Palestinians speak of ‘the Catastrophe’

Mariam-Amena-and-Hiba-NAKBA-TOUR (1)Two Palestinians, 86-year-old Mariam Fathalla and 23-year-old Amena El-Ashkar, speaking at an event at New York University’s School of Law on May 2, described what the establishment of the apartheid state of Israel has meant for Palestinians over the last 68 years. A third guest speaker, Umm Akram, was unable to attend due to imposed travel restrictions.

Palestinians call the 1948 establishment of Israel “the Nakba” — the Catastrophe! It marked the beginning of a nightmare that continues to this day.

Fathalla recalled what happened to her family in their Palestinian town of Al-Zeeb. On May 14, 1948, when she was 18 years old, they were forced out of their home and into the neighboring country of Lebanon. By the end of that year, their 4,000-year-old village had been leveled to the ground and half the people killed or expelled. Her father, who witnessed the murders, died at the scene of a heart attack. Some survivors later went insane.

Fathalla and other survivors of Al-Zeeb have spent their lives since then in Lebanese refugee camps.

Palestinians have suffered mass expulsions from their homeland, repeated bombings, massacres, discrimination, home demolitions, land confiscation, imprisonments and daily harassment and violence at the hands of the U.S.-supported government of Israel. Israel continues to raze Palestinian villages and forcefully remove the residents from their ancestral lands.

Fathalla said she has a moral obligation to speak out, so that Palestinian history will not be forgotten or erased. She ended her story with a wish to return to her native Palestine and live in peace. For decades, Palestinians have sought the right of return to their homeland. Some still possess the original keys to their homes.

The historic city of Hebron has become a ghost town, with nearly 10,000 homes demolished. Privileged Zionist settlers routinely invade and burn Palestinian homes at night, causing forced displacements. They also steal Palestinian crops, cut down their olive trees, kill their livestock and shoot holes in their water tanks. They receive immunity from the Israeli government.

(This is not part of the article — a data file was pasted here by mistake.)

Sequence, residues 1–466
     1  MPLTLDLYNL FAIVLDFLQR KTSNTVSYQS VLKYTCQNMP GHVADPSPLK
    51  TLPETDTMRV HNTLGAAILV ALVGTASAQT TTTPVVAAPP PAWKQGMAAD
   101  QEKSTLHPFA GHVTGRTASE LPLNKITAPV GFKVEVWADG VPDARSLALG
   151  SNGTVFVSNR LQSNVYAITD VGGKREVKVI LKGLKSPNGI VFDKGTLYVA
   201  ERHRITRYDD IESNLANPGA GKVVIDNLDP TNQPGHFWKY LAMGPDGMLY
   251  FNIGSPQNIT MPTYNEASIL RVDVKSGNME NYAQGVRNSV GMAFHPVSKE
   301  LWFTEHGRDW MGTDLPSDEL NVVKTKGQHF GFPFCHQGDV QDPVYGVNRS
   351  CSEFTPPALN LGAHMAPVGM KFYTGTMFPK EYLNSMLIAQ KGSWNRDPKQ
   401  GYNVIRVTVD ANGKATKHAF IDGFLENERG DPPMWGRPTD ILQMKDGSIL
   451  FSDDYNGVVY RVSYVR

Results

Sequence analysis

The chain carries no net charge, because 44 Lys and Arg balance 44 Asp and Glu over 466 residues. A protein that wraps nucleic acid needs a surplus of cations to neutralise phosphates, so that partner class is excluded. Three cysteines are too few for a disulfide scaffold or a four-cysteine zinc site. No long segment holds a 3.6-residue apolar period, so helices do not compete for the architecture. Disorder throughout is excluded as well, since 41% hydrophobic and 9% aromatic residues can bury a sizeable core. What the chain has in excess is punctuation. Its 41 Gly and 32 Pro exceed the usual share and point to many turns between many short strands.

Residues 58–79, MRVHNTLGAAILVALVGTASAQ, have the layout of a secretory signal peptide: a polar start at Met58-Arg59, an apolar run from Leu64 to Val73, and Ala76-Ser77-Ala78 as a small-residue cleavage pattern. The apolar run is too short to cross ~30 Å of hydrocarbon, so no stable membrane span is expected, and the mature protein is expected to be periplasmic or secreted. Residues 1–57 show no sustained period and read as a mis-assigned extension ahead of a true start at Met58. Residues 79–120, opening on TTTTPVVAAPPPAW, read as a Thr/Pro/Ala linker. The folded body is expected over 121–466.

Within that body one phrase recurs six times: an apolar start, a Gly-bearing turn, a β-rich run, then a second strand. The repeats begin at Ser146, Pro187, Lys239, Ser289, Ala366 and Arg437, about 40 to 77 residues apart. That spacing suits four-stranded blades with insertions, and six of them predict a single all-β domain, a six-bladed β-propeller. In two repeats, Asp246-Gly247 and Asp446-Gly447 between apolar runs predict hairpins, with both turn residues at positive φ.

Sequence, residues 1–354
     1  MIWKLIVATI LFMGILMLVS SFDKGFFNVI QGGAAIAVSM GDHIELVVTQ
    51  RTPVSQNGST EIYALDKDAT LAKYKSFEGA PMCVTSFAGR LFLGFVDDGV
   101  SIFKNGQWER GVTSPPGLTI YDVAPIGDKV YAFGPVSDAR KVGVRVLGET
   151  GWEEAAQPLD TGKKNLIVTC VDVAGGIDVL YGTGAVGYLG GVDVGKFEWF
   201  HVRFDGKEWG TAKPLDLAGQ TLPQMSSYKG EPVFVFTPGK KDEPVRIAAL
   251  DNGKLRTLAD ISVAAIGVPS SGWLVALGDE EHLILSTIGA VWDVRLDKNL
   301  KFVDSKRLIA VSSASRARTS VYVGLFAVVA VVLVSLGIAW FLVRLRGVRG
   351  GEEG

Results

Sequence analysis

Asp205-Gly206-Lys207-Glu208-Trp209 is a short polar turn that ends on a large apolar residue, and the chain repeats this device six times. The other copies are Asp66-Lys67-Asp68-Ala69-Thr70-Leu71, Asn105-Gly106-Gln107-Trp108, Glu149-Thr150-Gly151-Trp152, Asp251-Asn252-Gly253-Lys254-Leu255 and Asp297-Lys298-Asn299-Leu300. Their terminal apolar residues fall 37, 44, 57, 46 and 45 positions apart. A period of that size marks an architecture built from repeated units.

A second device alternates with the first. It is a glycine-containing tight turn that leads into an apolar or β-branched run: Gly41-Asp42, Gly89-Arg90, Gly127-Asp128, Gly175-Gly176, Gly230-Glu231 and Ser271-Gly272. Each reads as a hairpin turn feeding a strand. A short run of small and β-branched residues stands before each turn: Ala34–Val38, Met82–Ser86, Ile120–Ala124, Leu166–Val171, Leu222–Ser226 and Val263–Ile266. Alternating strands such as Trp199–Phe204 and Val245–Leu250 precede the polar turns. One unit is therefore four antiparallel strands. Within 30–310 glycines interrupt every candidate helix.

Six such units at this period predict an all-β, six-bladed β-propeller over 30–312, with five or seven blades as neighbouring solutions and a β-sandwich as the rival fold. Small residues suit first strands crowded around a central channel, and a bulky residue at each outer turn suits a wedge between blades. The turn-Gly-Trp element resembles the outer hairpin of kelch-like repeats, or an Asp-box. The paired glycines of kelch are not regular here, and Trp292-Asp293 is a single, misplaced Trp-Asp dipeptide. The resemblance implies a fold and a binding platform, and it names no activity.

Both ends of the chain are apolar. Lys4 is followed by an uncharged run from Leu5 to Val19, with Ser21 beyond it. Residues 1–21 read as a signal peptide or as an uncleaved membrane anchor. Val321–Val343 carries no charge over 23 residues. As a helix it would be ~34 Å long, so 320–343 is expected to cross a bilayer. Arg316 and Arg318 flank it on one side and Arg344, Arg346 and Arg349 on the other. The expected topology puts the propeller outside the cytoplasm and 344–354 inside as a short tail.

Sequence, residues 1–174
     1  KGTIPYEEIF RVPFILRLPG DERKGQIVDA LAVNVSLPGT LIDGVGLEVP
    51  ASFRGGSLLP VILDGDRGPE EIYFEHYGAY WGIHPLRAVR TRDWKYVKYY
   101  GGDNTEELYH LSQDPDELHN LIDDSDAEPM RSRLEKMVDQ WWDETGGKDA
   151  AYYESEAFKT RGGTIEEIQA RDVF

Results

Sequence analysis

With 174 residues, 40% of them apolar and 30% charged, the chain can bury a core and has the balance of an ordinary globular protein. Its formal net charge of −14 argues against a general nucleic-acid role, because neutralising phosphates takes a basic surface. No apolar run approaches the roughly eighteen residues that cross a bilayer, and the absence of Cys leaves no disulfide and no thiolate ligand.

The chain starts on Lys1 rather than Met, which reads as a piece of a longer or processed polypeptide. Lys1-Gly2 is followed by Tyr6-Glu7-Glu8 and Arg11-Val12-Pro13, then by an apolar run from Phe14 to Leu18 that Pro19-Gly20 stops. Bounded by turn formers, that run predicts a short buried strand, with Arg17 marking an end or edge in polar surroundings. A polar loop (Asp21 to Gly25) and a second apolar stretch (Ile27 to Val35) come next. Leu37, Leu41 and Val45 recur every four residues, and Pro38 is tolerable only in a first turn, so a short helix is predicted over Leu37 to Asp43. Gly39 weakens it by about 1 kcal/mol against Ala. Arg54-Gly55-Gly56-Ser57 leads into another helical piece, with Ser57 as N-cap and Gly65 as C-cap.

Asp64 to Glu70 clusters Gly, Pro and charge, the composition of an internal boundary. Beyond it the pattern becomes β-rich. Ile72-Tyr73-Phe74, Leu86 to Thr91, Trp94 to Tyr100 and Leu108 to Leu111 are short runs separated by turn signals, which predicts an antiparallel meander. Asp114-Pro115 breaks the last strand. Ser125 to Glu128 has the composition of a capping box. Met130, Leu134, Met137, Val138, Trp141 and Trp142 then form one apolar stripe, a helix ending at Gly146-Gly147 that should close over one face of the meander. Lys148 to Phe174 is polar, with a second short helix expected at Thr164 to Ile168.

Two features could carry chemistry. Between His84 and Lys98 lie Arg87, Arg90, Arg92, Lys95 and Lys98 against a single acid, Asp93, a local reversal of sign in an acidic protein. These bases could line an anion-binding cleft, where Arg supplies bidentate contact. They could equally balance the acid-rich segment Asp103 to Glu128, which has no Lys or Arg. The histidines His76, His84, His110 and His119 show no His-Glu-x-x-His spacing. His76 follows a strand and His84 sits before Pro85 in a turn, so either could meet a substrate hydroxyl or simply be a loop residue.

Palestinian social life and visits to their friends are restricted by “military zones” that are closed to Palestinians. Palestinian mothers also lose children to killings by police and soldiers.

Amena El-Ashkar is the granddaughter and great-granddaughter of Nakba survivors. Born in a Lebanese refugee camp, she has known no other home. She is among 6 million Palestinians not allowed to live in Palestine who are citizens of no country. Presently, 150,000 refugees in exile are forced to live in Lebanese camps, she said. Palestinian refugees are also in Jordan, Syria, Gaza and the West Bank.

Visibly traumatized, El-Ashkar described what life is like in a refugee camp. Some live in shared tents with no privacy, electricity, adequate cooking facilities or toilets. Others are in dilapidated buildings on dilapidated streets. There is a high incidence of child mortality. A friend of hers recently committed suicide.

The Israeli government’s continuing recruitment of Jews to Israel and the expansion of illegal settlements in occupied Palestinian territory has added to the ongoing misery of Palestinians. Settlers repeatedly commit acts of harassment and violence upon the Palestinians and their homes. Israeli police and soldiers offer no protection from the settlers, instead arresting and jailing the victims, including children.

El-Ashkar showed videos of refugee camps in Jordan, which she said are the worst. As many as 100,000 people live in one of these camps. Israeli checkpoints are everywhere and military forces continue to kill people.

Israel’s invasion of Lebanon resulted in the deaths of women and children refugees. Undocumented Palestinians in Lebanon have no right to legal residence or to marry. Refugees are not allowed to attend public schools. If they are able to find employment, they are paid less than other workers. Registered Palestinian refugees, like herself, have ID cards but experience difficulties in leaving Lebanon due to legal and institutional barriers imposed by the Lebanese government. Palestinian refugees are stateless and fall under a “special category” of foreigners. In refugee camps, reconstruction materials and supplies have been restricted for the past 68 years.

El-Ashkar added that “the world has forgotten our oppression. We need the international community to care about Israel’s ethnic cleansing and genocidal agenda. Palestinians living in the diaspora, along with their allies, must unite and give support. Resistance by any means is necessary. Palestinians see the only solution as being the right of return.”

May 15 will mark the 68th anniversary of the mass expulsion of the Palestinian people from their homeland. They and their supporters will march to demand the right of return and celebrate resistance to colonialism. End the occupation!

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